I took a big step by inviting him to one of my school plays — it was the first one I had invited him to in years. I was the lead and he was so proud of me. He had framed pictures of me in costume in every room of the house. Even if he had no interest in my hobbies whatsoever, he never showed it.
He introduced me to his new girlfriend who was really kind and fun to be around. She was different than the women he usually went for and we all loved her. She brought out the best in him and really seemed to brighten his whole demeanor. He lit up when he talked about her and vice versa when she talked about him.
2012 was a perfect year where I got to experience my dad at his absolute best. For a while, it really seemed like things were going to be okay.
The holidays came and went without any flaws. I made sure to take off for his birthday on January 24th so I could spend the entire weekend with him. I remember the day he drove us back so vividly. He made me a “virgin mimosa” and we ate all his favorite snacks in the car ride home.
On February 7th, I called like usual to check in. There was a bad case of the flu going around at the time, so when he told me he wasn’t feeling well I didn’t bat an eye. I asked him to go to the doctor if he didn’t feel better soon. He promised he would. We exchanged “I love you’s”. He said goodbye.
On February 8th, I went with one of my best friends to the movies to celebrate her birthday.
On February 9th, I woke up in my bed next to some stale popcorn and a box of nerds. I shoved a handful in my mouth, dreading my shift at work in a couple hours. It was a normal weekend, until it wasn’t.
“Georgia, I need you upstairs.” My mom called downstairs into my room in an uneasy, urgent tone. “Now.”
I don’t know how else to explain this other than that I could from her voice tell someone was dead. My thoughts went to grandparents or great grandparents.
I racked my brain through options as I sat down on the couch, next to my brother.
My mom sat on the coffee table facing us. She took a deep breath in and on the exhale she said, “Your dad died this morning.”
Most of that day is a blur. I don’t remember the rest of what she said. I don’t even remember if I asked how it happened.
Other details are vivid, like photographs. For example, I can tell you I was sitting on the righthand side of the couch when I found out. I can tell you I kept repeating the word ‘no’ over and over again. I can tell you my mom had me sit in the bath to calm down until the water ran cold.
I begged my mom to let my best friend come over and stay the night. Her dad spared me the “I’m so sorry for your loss” speech, which I’m eternally thankful for. I think he was the first person who I told a dead dad joke to that laughed — if you read this Matt Stanton, you’re a legend. My best friend held me on the living room couch for god knows how long. She let me cry as I blasted the last scene of Les Miserables until I fell asleep.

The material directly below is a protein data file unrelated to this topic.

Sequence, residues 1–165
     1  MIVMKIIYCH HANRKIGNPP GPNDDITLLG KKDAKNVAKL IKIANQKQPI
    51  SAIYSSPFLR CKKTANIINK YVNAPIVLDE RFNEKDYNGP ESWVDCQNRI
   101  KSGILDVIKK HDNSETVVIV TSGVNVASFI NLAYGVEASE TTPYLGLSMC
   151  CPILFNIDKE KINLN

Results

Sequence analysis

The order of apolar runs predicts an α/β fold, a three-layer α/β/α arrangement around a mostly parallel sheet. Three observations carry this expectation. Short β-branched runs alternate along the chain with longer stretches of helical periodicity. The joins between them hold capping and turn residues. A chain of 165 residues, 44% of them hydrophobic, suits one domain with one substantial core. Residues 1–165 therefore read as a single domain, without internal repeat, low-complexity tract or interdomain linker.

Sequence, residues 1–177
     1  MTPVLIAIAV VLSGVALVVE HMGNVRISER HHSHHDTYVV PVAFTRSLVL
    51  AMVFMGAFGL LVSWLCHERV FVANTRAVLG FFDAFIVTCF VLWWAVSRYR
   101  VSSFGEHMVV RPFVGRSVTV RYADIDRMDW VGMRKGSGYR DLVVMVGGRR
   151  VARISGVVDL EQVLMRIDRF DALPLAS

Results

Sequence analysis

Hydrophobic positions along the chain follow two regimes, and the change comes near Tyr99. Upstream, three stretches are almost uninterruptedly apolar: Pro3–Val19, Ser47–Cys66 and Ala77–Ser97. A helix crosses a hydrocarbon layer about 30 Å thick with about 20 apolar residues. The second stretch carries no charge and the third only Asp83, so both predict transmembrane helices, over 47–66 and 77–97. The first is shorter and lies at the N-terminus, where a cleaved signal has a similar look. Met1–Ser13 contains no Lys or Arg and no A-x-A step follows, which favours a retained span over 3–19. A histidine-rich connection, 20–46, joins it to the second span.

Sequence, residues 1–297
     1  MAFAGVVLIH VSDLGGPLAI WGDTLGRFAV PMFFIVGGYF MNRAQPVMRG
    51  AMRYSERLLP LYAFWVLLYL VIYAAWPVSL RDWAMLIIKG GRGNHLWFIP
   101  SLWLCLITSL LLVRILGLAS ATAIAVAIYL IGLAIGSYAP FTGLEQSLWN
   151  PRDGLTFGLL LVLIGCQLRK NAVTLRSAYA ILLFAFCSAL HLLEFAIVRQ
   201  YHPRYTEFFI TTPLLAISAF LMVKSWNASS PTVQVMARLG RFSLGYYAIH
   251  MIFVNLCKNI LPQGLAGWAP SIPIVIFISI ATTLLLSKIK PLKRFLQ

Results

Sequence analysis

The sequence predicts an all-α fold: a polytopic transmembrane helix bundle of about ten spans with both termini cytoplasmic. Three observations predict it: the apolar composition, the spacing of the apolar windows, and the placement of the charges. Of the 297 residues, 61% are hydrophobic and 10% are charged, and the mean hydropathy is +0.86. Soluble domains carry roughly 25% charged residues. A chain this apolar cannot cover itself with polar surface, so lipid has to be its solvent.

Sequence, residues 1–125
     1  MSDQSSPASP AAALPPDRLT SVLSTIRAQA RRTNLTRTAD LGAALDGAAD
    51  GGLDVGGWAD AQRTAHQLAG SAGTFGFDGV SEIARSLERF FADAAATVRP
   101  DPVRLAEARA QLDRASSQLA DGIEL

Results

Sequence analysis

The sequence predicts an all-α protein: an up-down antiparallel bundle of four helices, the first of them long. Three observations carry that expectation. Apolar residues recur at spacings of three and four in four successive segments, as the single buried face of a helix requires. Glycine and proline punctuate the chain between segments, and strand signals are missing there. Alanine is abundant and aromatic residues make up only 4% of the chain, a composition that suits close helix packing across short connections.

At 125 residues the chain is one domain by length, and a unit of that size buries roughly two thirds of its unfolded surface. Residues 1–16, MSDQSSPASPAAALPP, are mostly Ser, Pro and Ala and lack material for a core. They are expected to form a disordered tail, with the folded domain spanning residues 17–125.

I didn’t go back to school for two or three weeks. My mom took me in to Walmart while she ran some errands a day or two after we got the news. I looked as miserable as I felt — my skin was patchy and red, my eyes were swollen, and a sullen frown was cemented on. An old man rolled his eyes when he saw me and laughed playfully at my mom — “Teenage girls are the worst, huh. Why don’t you smile, sweetie?”
I ran out in tears.
When I was 17,
We got back the autopsy report. I asked my mom to tell me what happened and she told me I didn’t want to know. I insisted that I did and begrudgingly she told me. My dad died abruptly from esophageal varices brought on by cirrhosis of the liver.
In layman’s terms, he died from his alcohol addiction.
I think when they told me, they expected me to be ashamed or angry but I wasn’t. Addiction of any kind is a terrible disease that no one should be embarrassed of. All of the stereotypes you think of when you hear the word alcoholic couldn’t be further from the person my dad was. If you talk to any person who loves an addict in their life, most will probably tell you the same.
When I think about the last year I got to spend with him, I don’t feel sad. I don’t feel cheated. I don’t want you to feel scared to talk about all of his facets. I don’t want to hear that you’re sorry for my loss. Instead, I want you to know this: I am so proud of my dad because of his last year.
Knowing how hard my dad fought his illness to afford me one perfect year makes me appreciate him so much more. I’ll never know if he ever truly quit but I’m so thankful that he did his best. I’m thankful for the dad I got to have because of it — he was creative, he was generous, he was vibrant, he was thoughtful, he was fun.
Every year since, I have tried to honor his memory by being the kind of person he would be proud of. I try to be kinder. I try to be more patient. I work my ass off for the things I want and search for a silver lining in things that don’t work out. I keep fighting through the pain, even when it feels like its gonna kill me, because he taught me that giving up wasn’t an option.
I don’t know if I believe that grief gets easier with time. Maybe one day it will. What I know for now is that as long as I keep his memory alive, he’s never really gone.
I love you and miss you Dad. Until next time.